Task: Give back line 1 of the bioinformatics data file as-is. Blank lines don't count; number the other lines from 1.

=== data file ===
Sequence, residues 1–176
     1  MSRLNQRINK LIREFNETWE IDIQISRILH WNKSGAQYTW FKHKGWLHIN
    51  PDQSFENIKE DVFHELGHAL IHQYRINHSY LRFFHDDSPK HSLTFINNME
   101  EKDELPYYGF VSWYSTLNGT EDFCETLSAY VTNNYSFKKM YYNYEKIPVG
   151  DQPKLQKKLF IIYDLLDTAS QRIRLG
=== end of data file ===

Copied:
Sequence, residues 1–176